'The Nightmare Returns' sounds like it's made to serve the same function as 'Years Ago' did in the original nightmare. Alice recreates his little 'Steven' voice to perfection before the 'Steven' keyboard returns and the band hits in. Brilliant but, oh, so short. The only way to better it would be to make it longer! If they do use it in the show it could easily be extended and manipulated as a theme linking songs, as 'Years Ago' was.
I don't have all the credits for the album yet so can only reference what I already know. 'A Runaway Train' is the Dennis Dunaway song on the album. A remake of the Dennis Dunaway Project song 'Subway' from their 'Bones Form The Yard' album this was the song that Alice played a lot of his radio show when the DDP album was released. He obviously liked it so much he's stolen it! The lyrics and arrangement have changed a little but it's still a great song that takes you (and Steven) on a ride aboard a rumbling freight train heading for its doom. Guitar on this is provided by country star Vince Gill who's hillbilly picking fits the song perfectly, building and building as the train runs out of track.
Climbing from the wreckage Steven is confronted by 'The Last Man On Earth'. This is the sequels 'Some Folks'. Although not the same style it's the non-rock/pop track on the album, and it's brilliant! Think of old songs like 'Crazy Little Child'. Alice brings back his 'King Herod's Song' voice as he comes across like an old western medicine man with an ommpah band and banjo (?) backing. The 'man' seems to be overjoyed he is all alone at last ("everything is mine!), despite the fact you hear an audience applauding as he finishes. Is someone watching him? "I can smoke, I can drink, I can swear and I can stink, There ain't no one to bother me". It's worth mention as well that the lyrics throughout the album are often brilliantly funny and this is a prime example. It has the Cooper stamp all over it, simply great fun, and will be fascinating if they want to do this one live! Proof positive that Alice is NOT a heavy metal singer!
Having listened to the old mans story Steven finds himself amongst 'The Congregation' and we're back in "Eyes..." territory again, but better. Opening with slow acoustic chord before it changes gears to a pounding rocker that some has likened to Oasis. Don't really hear it that much myself. It's much better then that! A certain Mr. Robert Zombie makes his appearance here as 'The Guide' (my name for his character), briefly standing in for sadly now unavailable Vincent Price. His speech is MUCH shorter then the legendary 'Devil's Food' but is very funny. Possibly making it any longer could seem too forced and predictable so this is just fine. "Welcome to the congregation, I hope we meet your expectations". Yep!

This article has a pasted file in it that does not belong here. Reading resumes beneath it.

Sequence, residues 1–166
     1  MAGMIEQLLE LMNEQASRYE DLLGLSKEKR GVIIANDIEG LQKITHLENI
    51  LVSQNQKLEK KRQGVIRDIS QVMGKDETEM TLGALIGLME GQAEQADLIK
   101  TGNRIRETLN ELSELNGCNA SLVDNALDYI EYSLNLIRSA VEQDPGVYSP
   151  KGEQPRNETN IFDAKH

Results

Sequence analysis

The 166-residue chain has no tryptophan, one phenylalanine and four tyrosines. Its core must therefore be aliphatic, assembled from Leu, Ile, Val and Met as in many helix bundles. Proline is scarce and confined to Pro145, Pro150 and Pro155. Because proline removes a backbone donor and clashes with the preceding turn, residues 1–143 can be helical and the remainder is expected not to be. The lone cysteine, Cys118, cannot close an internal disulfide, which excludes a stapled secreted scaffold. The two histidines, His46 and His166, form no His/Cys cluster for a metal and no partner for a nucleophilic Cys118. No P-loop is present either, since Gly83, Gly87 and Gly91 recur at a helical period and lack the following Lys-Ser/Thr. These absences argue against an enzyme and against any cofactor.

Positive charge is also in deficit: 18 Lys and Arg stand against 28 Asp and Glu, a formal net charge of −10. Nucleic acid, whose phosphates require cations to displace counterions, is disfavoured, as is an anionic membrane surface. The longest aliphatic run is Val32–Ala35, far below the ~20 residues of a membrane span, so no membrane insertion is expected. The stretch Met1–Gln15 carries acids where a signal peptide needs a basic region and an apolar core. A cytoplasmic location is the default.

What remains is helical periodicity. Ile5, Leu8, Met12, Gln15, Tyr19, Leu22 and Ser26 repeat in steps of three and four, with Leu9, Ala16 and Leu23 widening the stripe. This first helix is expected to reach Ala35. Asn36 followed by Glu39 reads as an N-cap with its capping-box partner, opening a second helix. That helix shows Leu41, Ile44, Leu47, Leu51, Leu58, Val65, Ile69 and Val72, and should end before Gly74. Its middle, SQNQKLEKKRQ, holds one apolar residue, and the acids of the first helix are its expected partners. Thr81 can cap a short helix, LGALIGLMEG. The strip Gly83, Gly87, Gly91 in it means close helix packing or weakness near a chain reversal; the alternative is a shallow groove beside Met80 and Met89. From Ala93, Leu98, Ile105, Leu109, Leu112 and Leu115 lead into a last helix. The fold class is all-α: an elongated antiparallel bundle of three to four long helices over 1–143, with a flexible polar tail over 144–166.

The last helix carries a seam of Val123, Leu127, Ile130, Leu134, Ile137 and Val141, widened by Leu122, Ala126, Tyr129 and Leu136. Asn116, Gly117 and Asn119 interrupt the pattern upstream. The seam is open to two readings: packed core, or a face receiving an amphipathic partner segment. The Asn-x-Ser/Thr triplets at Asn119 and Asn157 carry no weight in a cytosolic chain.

After asking what could be the funniest question you will hear on a record all year Steven escapes again, only to be caught by the black widow who says "I'll Bite Your Face Off' little man! A great slice of Stonesy rock that is just infectious and has been such a success already live. In fact it is arguable that the live version isn't a touch better then the studio version, but that could be simply because I'm more used to it. The way they do the middle section live is a little longer and packs such a punch when it comes back to song that you miss it a little on the studio version. This, we know, is the Neal Smith song and if he has more like this up his sleeve I wanna hear them!
Escaping (you see a theme forming here?) again, Steven finds himself in a disco, which of course makes perfect sense, as Alice has told us 'years ago' that disco is hell! This is where the album starts going seriously weird. A pure 80s disco beat comes in with a Rammstein like male choir chanting. And Alice raps over the top. Seriously. "Disco this, disco that, When disc-gos to hell, that's where we're at". Before you recoil in horror I promise you it works. It shouldn't, but it does. In fact the way all the songs switch styles left, right and center yet still flow from one to the other is quite frankly astounding. Of course Alice can't allow the disco fever to continue so two thirds of the way through it switches gear again and the music reverts to pounding fast rock with a shredding solo from Zombie guitarist John 5 as the disco revelers are ripped apart by the musical gunfire.
That was all pretty messy, so it's time to relax by the sea and party as we head to the beach to meet the 'Ghouls Gone Wild'. Unfortunately it appears they just "came in for a bite" but the rest of us can dance, dance, dance to the Beach Boys' like pop rock. Pure fun which could be a blast live if it makes it.
Next up is Dick Wagner's ballad 'Something to Remember Me By' which I struggle to fit into the concept to be honest [Alice has since explained the connection, but it's still more a visual connection then lyrical). This is a classic Alice ballad. There had to be one on the album and who better to supply it the Dick. It says a lot about the album that this is one of, if not the only, more or less predictable song here. It's good, but it honestly doesn't stand out. Maybe we're just having too much fun for a sappy ballad! And if a ballad doesn't kill the party mood what comes next certainly will!